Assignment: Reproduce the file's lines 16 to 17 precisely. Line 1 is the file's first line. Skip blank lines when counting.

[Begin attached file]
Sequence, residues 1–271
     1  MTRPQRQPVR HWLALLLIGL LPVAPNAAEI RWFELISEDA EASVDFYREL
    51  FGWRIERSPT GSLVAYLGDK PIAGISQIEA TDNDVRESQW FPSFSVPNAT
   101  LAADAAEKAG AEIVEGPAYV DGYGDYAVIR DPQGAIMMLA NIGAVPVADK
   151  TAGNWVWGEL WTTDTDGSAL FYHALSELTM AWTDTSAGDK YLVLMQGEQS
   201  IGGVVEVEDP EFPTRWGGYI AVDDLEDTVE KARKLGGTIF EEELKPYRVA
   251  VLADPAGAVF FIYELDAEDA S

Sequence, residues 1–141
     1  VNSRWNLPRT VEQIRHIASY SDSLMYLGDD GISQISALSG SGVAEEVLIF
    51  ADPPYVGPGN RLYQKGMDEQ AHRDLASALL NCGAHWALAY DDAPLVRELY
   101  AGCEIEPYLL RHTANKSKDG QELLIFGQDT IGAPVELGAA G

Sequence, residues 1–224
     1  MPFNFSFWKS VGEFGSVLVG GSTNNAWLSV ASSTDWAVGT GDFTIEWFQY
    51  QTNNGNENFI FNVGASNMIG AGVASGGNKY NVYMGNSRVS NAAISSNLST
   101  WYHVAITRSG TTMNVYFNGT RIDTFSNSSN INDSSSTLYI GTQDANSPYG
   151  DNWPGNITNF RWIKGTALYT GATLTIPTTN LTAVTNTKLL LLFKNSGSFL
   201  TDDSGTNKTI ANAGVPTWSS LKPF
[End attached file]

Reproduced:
   151  DNWPGNITNF RWIKGTALYT GATLTIPTTN LTAVTNTKLL LLFKNSGSFL
   201  TDDSGTNKTI ANAGVPTWSS LKPF